A steady rain fell as hundreds of Hornets, walking under a rainbow of umbrellas and plastic ponchos, made their way from The WELL to the residence halls and back. The occasion in early April was Sacramento State’s sixth annual Out of the Darkness Campus Walk, a fundraiser for the American Foundation for Suicide Prevention.
At times, the trail of walkers stretched over a quarter-mile in the largest-ever turnout for the campus event. The students, faculty, staff, and others who braved the chilly, wet weather were united in a cause: to end the cycle of suicide that each year claims 1,100 college students nationwide.
They were inspired by signs displayed along the way: “You are not alone.” “Love yourself.” “Never give up on someone living with a mental illness.” And they were moved by the personal stories of those whose lives were forever changed by depression and mental illness.
Jody Nelsen, wife of Sac State President Robert S. Nelsen, talked about the pain of losing their only child, Seth. Patrick Dorsey, president of Associated Students Inc. (ASI), spoke of once having suicidal thoughts and of the people who stepped up to help him.
The annual Out of the Darkness Walk, with its mental health fair and remembrance activities, is one of the many ways Sac State supports and cares for its students.
Other efforts include the Student Emergency Housing Program, which provides two students at a time up to 30 days in a residence hall with a meal plan. Produce harvested from the ASI Student Garden is a part of the bounty offered free of charge at the ASI Food Pantry to students facing food insecurities. And Hailey Vincent, the University’s victim advocate, continues the tradition of supporting sexual assault victims that was established at Sac State in 2000, long before it became a practice throughout the California State University (CSU) system.
“With the seventh-most-diverse student body west of the Mississippi River, Sacramento State is fully committed to supporting the wellness and success of its students, especially those most underserved and at risk,” says President Nelsen. “I am proud of what Sac State has achieved so far and am committed to building on our strengths as we continue to be innovators in campus health.”
Support for students comes from every corner of the campus.
Sac State is committed to ensuring that no student goes hungry. Associated Students Inc. regularly offers a bright assortment of fresh produce at its pop-up pantries, which augment the nonperishable offerings at its Yosemite Hall food pantry. (Sacramento State/Jessica Vernone)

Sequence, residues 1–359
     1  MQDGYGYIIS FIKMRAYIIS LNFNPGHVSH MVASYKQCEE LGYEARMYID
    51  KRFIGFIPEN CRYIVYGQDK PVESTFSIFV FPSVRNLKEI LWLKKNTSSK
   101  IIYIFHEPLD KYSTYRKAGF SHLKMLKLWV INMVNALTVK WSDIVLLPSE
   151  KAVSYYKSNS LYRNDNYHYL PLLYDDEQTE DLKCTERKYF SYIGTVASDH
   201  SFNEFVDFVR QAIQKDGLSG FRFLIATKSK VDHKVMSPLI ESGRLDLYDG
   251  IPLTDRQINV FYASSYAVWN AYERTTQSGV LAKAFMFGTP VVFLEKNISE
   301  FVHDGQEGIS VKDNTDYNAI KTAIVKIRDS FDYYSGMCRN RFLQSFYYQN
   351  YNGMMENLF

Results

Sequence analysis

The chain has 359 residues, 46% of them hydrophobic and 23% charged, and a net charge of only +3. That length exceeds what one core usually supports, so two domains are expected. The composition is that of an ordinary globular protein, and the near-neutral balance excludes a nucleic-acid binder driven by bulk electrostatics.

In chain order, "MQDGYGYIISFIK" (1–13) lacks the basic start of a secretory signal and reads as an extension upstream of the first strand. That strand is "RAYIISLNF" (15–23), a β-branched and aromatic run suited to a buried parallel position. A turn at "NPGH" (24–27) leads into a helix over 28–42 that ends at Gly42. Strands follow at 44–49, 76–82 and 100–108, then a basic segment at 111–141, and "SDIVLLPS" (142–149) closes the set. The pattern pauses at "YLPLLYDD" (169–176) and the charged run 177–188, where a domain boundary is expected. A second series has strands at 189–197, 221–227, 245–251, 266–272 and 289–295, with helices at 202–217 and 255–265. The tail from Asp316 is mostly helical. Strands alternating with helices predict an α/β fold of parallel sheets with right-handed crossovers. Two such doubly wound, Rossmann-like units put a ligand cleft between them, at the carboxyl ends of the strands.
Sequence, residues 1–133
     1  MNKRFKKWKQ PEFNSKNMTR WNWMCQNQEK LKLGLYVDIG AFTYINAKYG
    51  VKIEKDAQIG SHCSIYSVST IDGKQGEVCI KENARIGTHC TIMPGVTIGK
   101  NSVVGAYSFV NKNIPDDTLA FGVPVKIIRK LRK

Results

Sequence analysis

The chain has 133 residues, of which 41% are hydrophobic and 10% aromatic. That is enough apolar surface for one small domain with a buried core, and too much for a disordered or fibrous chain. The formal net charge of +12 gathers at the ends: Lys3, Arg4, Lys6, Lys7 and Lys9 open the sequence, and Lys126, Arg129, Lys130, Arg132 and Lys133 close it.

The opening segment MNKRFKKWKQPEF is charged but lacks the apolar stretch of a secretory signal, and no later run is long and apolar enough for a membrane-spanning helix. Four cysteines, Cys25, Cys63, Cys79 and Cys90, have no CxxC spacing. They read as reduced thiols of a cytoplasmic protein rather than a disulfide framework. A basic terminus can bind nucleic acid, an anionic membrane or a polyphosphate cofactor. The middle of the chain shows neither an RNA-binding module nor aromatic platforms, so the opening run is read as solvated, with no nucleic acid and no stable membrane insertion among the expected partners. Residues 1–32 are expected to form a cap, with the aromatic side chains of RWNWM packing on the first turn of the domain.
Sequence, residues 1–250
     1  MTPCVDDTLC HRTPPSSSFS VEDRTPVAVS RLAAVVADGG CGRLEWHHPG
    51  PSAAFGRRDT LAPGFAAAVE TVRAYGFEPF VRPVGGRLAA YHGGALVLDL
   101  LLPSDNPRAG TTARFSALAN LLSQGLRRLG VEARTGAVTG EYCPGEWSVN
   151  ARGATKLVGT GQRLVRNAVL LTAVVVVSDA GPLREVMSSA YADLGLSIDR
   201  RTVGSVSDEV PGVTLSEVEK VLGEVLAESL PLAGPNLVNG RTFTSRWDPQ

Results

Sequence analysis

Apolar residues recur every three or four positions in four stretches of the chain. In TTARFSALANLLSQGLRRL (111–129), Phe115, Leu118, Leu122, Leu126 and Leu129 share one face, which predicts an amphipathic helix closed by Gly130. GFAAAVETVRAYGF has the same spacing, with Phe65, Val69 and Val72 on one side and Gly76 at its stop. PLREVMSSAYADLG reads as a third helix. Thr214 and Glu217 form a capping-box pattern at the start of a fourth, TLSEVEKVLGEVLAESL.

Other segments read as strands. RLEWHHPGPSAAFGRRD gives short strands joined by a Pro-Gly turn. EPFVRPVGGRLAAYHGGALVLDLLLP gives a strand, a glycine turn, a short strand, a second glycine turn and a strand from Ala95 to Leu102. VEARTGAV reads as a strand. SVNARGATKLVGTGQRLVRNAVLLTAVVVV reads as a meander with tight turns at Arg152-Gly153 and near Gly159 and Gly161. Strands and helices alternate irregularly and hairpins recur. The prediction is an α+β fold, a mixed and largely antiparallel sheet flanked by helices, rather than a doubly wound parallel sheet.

A 2015 survey of CSU students revealed that 12 percent were homeless, and 24 percent said they didn’t have enough money for food. At Sac State, approximately 45 percent of students are low-income and Pell Grant-eligible.
High rents in Sacramento have forced some students to make difficult choices. “Students shouldn’t have to think about dropping out of school because they can’t afford their rent. We value the idea of like-equity and equal access to education,” says Danielle Muñoz, the University’s case manager.
Her role includes helping students apply for the Student Emergency Housing Program, launched this spring by Student Affairs, Housing and Residential Life, ASI, and University Enterprises Inc. (UEI). She also connects students to community agencies that will help them find housing, refers those with food insecurities to the ASI Food Pantry, and assists students in applying for the Student Emergency Fund, which will provide immediate assistance of up to $1,500. In addition, the Nelsens have created a student emergency fund in memory of their son.
“Sometimes just the idea that someone on campus supports them is such a relief,” Muñoz says. “Half of their stress is feeling that they’re alone and isolated. After I meet with students and we have a plan, some of their anxiety goes away.”
Muñoz also coordinates Sac State’s Behavioral Intervention Team, which dates to 1996, more than a decade before the Central Intelligence Agency recommended that all colleges and universities establish a behavior threat-assessment unit on campus.
The Behavioral Intervention Team meets regularly to identify and discuss students who may be at risk of endangering themselves. In addition to Student Affairs, team members represent Student Health and Counseling Services (SHCS), Human Resources, the Sacramento State Police Department, and the University Counsel.
Stress-Less Puppy Days are a pet project of Student Health and Counseling Services, together with Active Minds. Sweet pooches visit campus each semester to give students a bit of comfort heading into finals. (Sacramento State/Jessica Vernone)
“About 10 years ago, Sac State made a deliberate shift away from the traditional illness-based model of providing health care to a more holistic and prevention-focused approach to wellness,” says SHCS Executive Director Joy Stewart-James.